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Volume 2 (2002), Pages 89-95
Mini-Review Article

The Role of High Density Lipoproteins in Thrombosis

University of Pennsylvania School of Medicine, Department of Medicine, Philadelphia, USA

Received 10 October 2001; Revised 21 November 2001; Accepted 27 November 2001

Copyright © 2002 Marina Cuchel and Daniel J. Rader.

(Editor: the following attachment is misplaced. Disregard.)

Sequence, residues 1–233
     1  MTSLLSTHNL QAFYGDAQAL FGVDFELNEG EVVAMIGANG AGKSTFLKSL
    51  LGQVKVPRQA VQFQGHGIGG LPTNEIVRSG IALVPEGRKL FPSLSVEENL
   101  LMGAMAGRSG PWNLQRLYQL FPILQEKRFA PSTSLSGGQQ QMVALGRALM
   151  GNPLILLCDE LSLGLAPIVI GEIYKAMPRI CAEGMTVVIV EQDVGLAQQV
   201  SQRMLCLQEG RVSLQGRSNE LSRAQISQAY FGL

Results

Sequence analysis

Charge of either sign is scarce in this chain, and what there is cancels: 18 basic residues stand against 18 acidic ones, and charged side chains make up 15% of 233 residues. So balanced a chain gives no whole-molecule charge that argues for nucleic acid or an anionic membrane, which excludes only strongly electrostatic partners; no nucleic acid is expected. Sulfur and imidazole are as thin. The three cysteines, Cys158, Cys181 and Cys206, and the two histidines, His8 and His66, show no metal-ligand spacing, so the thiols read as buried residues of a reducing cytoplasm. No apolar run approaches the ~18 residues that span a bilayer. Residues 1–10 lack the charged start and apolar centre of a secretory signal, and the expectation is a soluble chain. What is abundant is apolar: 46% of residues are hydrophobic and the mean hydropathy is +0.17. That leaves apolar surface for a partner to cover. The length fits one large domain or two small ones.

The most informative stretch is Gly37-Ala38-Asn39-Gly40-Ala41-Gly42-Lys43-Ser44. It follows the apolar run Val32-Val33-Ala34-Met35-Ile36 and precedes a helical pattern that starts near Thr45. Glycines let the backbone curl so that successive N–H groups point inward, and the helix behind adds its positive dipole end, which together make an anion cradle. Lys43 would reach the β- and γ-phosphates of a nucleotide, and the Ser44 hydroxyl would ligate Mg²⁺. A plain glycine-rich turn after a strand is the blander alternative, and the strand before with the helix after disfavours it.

Lipids and lipoproteins, as well as factors involved in hemostasis and thrombosis, play a central role in the pathogenesis of cardio- and cerebrovascular disease. In recent years it has become clear that a strong association exists between coagulation factors and plasma lipoproteins. Anionic phospholipids are necessary for the optimal activity of both pro- and anticoagulant enzymatic complexes. Cell membranes have traditionally been considered to provide the essential lipid-containing surfaces. However, in light of recent studies, plasma lipoproteins are also believed to provide appropriate surfaces to support coagulation. While triglyceride-rich lipoproteins and oxidized low-density lipoproteins are associated with a procoagulant profile, high-density lipoproteins (HDL) may have an anticoagulant effect. This paper reviews scientific data on the potential role of HDL as modulator of thrombotic processes.